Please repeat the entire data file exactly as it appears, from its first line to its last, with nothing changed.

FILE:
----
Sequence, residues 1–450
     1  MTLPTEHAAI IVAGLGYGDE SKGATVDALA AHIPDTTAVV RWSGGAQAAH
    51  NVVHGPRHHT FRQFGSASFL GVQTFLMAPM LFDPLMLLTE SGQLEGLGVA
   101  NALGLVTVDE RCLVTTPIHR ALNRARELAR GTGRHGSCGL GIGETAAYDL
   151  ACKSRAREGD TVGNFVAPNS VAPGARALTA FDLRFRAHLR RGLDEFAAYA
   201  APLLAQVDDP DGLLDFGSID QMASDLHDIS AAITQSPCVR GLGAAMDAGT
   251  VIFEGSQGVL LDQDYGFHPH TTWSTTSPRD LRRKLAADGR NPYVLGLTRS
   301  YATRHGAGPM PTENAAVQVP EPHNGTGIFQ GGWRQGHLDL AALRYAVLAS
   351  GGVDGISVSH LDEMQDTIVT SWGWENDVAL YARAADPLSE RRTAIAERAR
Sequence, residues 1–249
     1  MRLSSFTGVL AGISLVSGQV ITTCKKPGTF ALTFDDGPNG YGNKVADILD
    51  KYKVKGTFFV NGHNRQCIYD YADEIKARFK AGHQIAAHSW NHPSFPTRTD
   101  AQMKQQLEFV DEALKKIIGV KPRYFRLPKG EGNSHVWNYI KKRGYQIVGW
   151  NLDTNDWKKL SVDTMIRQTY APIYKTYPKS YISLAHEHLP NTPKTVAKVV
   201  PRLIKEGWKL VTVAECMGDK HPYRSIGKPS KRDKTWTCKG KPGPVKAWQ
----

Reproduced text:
Sequence, residues 1–450
     1  MTLPTEHAAI IVAGLGYGDE SKGATVDALA AHIPDTTAVV RWSGGAQAAH
    51  NVVHGPRHHT FRQFGSASFL GVQTFLMAPM LFDPLMLLTE SGQLEGLGVA
   101  NALGLVTVDE RCLVTTPIHR ALNRARELAR GTGRHGSCGL GIGETAAYDL
   151  ACKSRAREGD TVGNFVAPNS VAPGARALTA FDLRFRAHLR RGLDEFAAYA
   201  APLLAQVDDP DGLLDFGSID QMASDLHDIS AAITQSPCVR GLGAAMDAGT
   251  VIFEGSQGVL LDQDYGFHPH TTWSTTSPRD LRRKLAADGR NPYVLGLTRS
   301  YATRHGAGPM PTENAAVQVP EPHNGTGIFQ GGWRQGHLDL AALRYAVLAS
   351  GGVDGISVSH LDEMQDTIVT SWGWENDVAL YARAADPLSE RRTAIAERAR
Sequence, residues 1–249
     1  MRLSSFTGVL AGISLVSGQV ITTCKKPGTF ALTFDDGPNG YGNKVADILD
    51  KYKVKGTFFV NGHNRQCIYD YADEIKARFK AGHQIAAHSW NHPSFPTRTD
   101  AQMKQQLEFV DEALKKIIGV KPRYFRLPKG EGNSHVWNYI KKRGYQIVGW
   151  NLDTNDWKKL SVDTMIRQTY APIYKTYPKS YISLAHEHLP NTPKTVAKVV
   201  PRLIKEGWKL VTVAECMGDK HPYRSIGKPS KRDKTWTCKG KPGPVKAWQ